The only prisoner known to have died in the CIA's network of secret prisons once rescued Hamid Karzai, wading through rocket and small-arms fire to take the wounded future president to safety in Pakistan, according to his brother and former associates.
The prisoner, Gul Rahman, died in the early hours of Nov. 20, 2002, after being shackled to a cold cement wall in a secret CIA prison in northern Kabul known as the Salt Pit, current and former U.S. officials familiar with the case confirmed. His family is appealing to the International Red Cross to return his body.
Rahman was captured about three weeks before his death in a raid in the Pakistani capital of Islamabad against Hezb-e-Islami, an Afghan insurgent group led by Gulbuddin Hekmatyar, which was believed to have ties to al-Qaida. Rahman was arrested along with Hekmatyar's son-in-law, Dr. Ghairat Baheer.
Baheer, who was later released, was part of a Hezb-e-Islami delegation that came to Kabul last month to talk peace with Karzai.
Rahman's brief association with the future Afghan president, reported by his brother Habib Rahman, adds an ironic twist to the account of his death at the hands of the CIA, and illustrates the complex history of the different Afghan factions still competing for power in this war-ravaged country.
After Soviet forces withdrew in 1989, Afghanistan descended into civil war as the Islamic groups that ousted the Soviets fought each other for control of the capital, Kabul.
During fighting in 1994, Karzai, then deputy foreign minister, was arrested by Afghan intelligence, by some accounts because he was in contact with Hekmatyar and other militia leaders to end the conflict.
Karzai himself has said little about his confinement except that he escaped when rockets struck the building where he was held and that he made his way to Pakistan.
The Associated Press contacted Karzai's spokesman, Waheed Omar, but he would not comment, although he said the president was aware of an AP story identifying Rahman as the victim of the CIA secret prison. Further requests for comment over the past week have also gotten no response.
According to Habib Rahman, his brother, Gul Rahman was sent to fetch Karzai by Hekmatyar, whose forces had long been suspected of firing the rockets at the building. Gul Rahman carried a letter for Karzai from Hekmatyar, saying he had been sent to rescue him at the request of Karzai's father, the brother said.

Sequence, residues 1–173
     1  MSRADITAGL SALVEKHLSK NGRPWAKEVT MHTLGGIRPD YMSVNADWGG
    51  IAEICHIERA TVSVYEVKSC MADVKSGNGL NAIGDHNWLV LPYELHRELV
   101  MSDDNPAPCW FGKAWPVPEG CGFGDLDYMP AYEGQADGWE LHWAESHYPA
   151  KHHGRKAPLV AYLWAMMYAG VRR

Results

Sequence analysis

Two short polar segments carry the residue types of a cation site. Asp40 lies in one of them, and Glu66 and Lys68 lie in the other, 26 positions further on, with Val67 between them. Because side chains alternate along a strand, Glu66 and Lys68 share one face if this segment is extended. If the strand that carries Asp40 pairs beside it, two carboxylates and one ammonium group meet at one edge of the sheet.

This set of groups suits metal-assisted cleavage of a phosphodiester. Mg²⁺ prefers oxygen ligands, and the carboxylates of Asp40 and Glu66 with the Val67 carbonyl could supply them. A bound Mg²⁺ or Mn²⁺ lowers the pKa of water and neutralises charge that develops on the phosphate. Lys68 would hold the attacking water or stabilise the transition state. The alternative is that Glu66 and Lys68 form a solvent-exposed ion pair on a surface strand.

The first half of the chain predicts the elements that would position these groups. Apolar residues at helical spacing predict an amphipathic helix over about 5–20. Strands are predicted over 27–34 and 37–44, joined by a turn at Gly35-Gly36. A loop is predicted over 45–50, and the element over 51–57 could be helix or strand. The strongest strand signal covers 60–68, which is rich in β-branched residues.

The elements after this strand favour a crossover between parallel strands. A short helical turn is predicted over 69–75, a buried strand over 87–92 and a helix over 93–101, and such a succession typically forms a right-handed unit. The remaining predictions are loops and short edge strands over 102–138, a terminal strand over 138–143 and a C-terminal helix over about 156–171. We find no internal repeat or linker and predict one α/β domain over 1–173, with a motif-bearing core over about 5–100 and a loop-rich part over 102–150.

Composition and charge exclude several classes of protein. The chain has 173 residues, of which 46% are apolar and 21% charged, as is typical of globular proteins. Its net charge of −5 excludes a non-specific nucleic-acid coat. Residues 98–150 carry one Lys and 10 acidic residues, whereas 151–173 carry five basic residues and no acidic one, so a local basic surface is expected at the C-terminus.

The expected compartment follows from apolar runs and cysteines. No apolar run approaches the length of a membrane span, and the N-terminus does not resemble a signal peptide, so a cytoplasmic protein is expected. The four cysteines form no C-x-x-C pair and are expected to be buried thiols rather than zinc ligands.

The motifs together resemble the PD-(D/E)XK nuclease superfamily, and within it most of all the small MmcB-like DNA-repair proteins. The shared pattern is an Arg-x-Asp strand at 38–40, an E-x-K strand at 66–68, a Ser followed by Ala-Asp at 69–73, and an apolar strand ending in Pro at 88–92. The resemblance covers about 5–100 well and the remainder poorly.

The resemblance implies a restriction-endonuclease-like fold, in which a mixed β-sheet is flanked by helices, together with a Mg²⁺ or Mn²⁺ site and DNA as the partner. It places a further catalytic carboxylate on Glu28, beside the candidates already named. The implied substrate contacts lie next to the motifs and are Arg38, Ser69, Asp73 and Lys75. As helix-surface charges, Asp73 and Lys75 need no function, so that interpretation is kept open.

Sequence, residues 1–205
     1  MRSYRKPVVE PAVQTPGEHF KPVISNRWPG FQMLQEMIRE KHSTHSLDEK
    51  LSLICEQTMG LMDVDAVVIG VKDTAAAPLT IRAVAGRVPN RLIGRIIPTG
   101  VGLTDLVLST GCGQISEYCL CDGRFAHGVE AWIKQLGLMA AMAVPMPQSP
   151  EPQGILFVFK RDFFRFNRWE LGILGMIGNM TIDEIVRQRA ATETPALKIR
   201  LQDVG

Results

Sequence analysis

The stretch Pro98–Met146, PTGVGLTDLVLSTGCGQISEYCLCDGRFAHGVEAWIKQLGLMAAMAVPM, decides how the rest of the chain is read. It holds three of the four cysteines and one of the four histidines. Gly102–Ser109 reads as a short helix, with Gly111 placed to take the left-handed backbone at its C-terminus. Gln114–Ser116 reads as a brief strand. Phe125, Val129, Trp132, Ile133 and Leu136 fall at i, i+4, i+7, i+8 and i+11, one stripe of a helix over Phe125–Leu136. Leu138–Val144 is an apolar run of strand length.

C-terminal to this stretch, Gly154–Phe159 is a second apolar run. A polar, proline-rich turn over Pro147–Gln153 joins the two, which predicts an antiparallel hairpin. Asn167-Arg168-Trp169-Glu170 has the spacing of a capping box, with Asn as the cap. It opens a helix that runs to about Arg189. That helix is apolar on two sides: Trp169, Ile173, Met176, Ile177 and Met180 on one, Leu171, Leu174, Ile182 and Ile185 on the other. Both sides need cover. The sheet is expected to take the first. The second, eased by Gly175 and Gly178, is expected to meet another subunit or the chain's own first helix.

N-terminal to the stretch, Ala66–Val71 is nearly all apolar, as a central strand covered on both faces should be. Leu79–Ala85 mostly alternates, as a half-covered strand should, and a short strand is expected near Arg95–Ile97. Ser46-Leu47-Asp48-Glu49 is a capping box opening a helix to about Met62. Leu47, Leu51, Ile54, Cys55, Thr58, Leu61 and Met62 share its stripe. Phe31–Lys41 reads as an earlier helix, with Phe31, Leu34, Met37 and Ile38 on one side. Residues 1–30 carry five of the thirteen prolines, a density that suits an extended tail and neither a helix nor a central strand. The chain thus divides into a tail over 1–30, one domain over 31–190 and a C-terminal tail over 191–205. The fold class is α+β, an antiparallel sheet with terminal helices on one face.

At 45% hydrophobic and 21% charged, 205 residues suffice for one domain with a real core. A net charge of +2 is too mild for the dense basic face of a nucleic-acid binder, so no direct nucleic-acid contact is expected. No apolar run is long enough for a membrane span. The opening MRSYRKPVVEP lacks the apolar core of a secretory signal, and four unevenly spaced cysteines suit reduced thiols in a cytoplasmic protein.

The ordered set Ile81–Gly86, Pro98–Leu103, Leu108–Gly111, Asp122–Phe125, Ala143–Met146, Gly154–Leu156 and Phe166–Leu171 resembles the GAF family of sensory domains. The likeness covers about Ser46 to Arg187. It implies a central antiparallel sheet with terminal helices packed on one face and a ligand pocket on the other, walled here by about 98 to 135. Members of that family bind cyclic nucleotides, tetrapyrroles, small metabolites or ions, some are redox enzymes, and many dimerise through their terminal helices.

Habib Rahman said his brother took Karzai to a safe house in Kabul, then drove with him to the Pakistani city of Peshawar, where Karzai was hospitalized for two days.
Although Karzai has not confirmed Rahman's role, Hekmatyar spoke about it in an interview last year with the Afghan Pashto language Web site Benawa.com. Hekmatyar complained that Karzai had promised to release those who helped him "but look, Gul Rahman is still not released but Karzai is president." The whereabouts of his body are unknown.
Sam Zifiri, who was part of a Human Rights Watch investigation into the rocket attacks of the early '90s, said he believed the version provided by Gul Rahman's brother was "an utterly plausible story."
"How Karzai got out of Kabul and through the front lines to Peshawar was always mysterious to us," said Zifiri, who now works for Amnesty International. "We always just wondered as to how he did that. That was the question for us: Unless he had high level contact, how did he get through these front lines?"
The AP interviewed Habib Rahman in Islamabad, at the home of Hekmatyar's son-in-law that was raided in 2002.
Habib Rahman said his brother had come to Islamabad a day before the Oct. 29, 2002 raid for a medical checkup for his allergies and was planning to return the next day to the Shamshatoo refugee camp near Peshawar, where he lived with his wife and four daughters and sold wood.
He said the agents surrounded the marble-fronted house at 1:30 a.m., arresting Rahman and four others. Hekmatyar's son-in-law, Baheer, spent six years in the U.S. detention center at Bagram Air Field and six months in the Salt Pit. He told The AP earlier he was stripped naked and shackled. Occasionally his interrogators would put a chair on his exposed belly and sit on it.
"At the beginning they (Americans) were like animals, they were so angry, they just wanted revenge" for 9/11, Baheer's son, Abdullah Baheer, said. "Now we think it has changed, but then they were so cruel."
After Gul Rahman froze to death, the agency moved to improve its interrogation procedures.
No one was ever charged in Rahman's death, including the agency officer who ran the secret prison. The U.S. Justice Department is now conducting its third review of the case, investigating Gul Rahman's death and a small number of other CIA cases.
Last week, the FBI rejected a Freedom of Information Act request the Associated Press submitted for autopsy records in the death, saying it was relevant to "a pending or prospective law enforcement proceeding."
Last week was also when Habib Rahman learned of his brother's final hours, hanging half-naked in a cold, dark cell.
"It must have been horrific for him. I don't know how he suffered. You know he could never take the cold. He always hated it," he said. He picked up a carefully folded shawl and wiped his tears. In a red booklet in his pocket were two small pictures of Gul Rahman.
"We want his body back. We want them to let us give him a religious burial," he said. "We will ask the Red Cross and the Americans to return his remains to us."
He has assumed responsibility for his brother's family; the eldest daughter, Hajra is 17 and finishing high school. Her sisters are Abida, 15, Fawzia, 13 and Asma, 9.
"I am the head of the family and responsible for everyone in our family. I have tried to look after them," Rahman said. "It has been difficult but all of them are in school."